The most undemocratic and politically troubled continent, Africa, has just produced a political sensation—thereby giving, of course indirectly, a lesson of democracy to our own problematic neighbour, Russia. Nigeria has proved that free and fair elections, followed by a handover of political power to the former opposition, are possible in populous, multi-ethnic, oil-dependent, religiously diverse nations lacking a history of democracy.
Nigeria, now a federal republic of some 174 million people, achieved independence from British colonial rule in late 1960—enduring a turbulent subsequent history of territorial problems, civil war, and fierce rule by military juntas. In 1999 a process of democratization started when Olusegun Obasanjo, the former military head of state, was elected president. Taking place in the context of a violent ethnic struggle for control over the oil-producing Niger Delta region, the general election of 2007 (won by Umaru Yar’Adua) was severely flawed and largely condemned by the international community. Yar’Adua died in 2010 and was replaced by the incumbent Goodluck Jonathan. Around that time, north-east Nigeria started to experience the atrocities of Boko Haram. Finally, Jonathan lost (12.9 to 15.4 million votes) the presidential elections on the 31st of March 2015 to Muhammadu Buhari (aged 72, representing the All Progressives Congress), who himself in 1984 organized a military coup to prevent the fraudulent re-election of a corrupt civil regime.
President-Elect Buhari has claimed that his victory is “historic”. Indeed, never before has a sitting Nigerian president been defeated in an election. The outgoing leader, Goodluck Jonathan, who did not have good luck in the elections, urged his supporters to remain calm and conveyed to Muhammadu Buhari his “best wishes“. Observers have generally praised the election, though there have been allegations of fraud. Is there anything better that we might have expected from these elections in that particular country on that continent?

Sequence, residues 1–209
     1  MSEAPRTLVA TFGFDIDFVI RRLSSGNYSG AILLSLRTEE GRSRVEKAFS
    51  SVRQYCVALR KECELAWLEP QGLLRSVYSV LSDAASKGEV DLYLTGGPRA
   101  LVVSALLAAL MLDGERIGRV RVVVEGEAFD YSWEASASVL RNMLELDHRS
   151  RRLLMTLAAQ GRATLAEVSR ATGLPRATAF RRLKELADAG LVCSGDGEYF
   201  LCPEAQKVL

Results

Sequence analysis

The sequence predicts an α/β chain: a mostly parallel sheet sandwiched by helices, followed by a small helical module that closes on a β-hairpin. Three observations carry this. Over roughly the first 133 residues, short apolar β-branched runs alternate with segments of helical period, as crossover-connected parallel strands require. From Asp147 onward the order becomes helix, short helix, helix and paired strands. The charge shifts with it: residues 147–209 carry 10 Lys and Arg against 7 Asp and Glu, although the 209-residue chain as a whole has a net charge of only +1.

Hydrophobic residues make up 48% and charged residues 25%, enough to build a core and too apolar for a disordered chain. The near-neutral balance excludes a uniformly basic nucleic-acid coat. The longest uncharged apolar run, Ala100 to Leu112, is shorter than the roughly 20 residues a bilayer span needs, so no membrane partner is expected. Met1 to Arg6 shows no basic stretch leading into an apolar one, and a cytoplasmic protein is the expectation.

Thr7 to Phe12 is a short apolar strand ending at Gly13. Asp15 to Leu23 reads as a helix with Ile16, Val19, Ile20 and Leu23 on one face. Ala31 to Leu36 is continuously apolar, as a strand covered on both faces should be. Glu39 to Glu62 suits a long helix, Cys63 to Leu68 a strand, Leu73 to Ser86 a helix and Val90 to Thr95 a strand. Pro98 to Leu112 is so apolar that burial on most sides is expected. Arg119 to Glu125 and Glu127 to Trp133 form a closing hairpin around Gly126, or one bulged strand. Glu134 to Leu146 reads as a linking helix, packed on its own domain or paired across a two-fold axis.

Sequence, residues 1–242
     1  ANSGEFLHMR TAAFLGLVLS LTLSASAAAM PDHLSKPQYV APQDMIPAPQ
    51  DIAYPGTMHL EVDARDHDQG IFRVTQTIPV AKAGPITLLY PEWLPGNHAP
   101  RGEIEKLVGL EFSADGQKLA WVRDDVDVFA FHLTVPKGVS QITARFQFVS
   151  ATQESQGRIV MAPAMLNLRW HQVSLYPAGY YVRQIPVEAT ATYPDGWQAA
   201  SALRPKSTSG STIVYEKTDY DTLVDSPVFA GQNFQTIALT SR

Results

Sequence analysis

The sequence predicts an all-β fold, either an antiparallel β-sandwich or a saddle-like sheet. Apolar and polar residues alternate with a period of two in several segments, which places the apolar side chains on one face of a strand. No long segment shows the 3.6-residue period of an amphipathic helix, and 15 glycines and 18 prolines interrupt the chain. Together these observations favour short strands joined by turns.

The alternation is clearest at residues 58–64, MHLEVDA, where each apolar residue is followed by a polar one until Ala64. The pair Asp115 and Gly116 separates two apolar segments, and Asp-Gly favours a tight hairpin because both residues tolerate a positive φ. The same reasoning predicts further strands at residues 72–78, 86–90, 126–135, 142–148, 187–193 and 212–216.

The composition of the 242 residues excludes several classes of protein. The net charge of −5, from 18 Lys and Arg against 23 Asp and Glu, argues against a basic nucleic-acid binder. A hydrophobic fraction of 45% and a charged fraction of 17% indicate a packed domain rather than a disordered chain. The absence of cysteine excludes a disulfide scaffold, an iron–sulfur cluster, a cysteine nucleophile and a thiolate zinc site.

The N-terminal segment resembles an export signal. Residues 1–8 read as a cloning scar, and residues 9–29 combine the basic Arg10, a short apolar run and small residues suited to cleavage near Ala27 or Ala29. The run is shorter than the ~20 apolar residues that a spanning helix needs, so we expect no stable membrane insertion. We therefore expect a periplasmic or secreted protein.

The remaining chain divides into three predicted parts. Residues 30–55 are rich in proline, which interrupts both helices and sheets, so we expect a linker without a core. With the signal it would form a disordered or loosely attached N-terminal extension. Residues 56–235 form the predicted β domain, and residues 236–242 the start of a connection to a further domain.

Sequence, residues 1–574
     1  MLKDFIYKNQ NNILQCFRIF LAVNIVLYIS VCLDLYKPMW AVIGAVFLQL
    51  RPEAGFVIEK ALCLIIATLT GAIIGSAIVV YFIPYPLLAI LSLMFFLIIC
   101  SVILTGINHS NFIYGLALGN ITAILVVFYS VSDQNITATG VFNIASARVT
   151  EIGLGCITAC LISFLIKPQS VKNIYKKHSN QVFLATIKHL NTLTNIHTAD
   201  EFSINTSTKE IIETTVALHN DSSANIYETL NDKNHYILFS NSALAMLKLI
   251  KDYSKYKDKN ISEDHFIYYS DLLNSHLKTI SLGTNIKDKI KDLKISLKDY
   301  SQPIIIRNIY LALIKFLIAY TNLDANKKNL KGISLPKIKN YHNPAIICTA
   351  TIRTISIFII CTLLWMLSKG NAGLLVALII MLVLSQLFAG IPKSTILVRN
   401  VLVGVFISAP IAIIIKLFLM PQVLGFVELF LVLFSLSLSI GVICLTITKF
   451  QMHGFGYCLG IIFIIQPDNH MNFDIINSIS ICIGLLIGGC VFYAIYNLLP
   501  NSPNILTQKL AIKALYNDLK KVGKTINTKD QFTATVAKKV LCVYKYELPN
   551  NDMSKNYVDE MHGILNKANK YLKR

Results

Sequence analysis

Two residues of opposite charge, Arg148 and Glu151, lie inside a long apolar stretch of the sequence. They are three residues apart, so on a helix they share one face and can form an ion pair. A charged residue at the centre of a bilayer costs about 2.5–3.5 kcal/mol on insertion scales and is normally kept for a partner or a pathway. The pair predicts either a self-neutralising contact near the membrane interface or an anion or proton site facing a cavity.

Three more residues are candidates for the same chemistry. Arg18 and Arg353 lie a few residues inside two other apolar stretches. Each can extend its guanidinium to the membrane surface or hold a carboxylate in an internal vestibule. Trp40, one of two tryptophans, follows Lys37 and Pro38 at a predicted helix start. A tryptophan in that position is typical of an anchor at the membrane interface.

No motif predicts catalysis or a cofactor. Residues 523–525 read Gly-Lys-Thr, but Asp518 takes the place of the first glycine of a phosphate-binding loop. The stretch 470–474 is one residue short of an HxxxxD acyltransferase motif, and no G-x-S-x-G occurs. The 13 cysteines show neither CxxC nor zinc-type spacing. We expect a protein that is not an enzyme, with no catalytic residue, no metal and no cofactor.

Russia, too, never experienced democracy before the 1990s. However, the Yeltsin-decade is now viewed by most Russians as a failed “experiment“ with liberal democracy, something shameful and not worth remembering. In fact, we can only guess when free and fair presidential elections will take place for the very first time in Russia (perhaps in 2024?), and whether these elections will result in a peaceful transfer of power to the opposition. For now, we have had to witness the recent political murder of the leader of the Russian opposition. But who knows? A globalizing world is becoming smaller and smaller; positive examples may well prove contagious.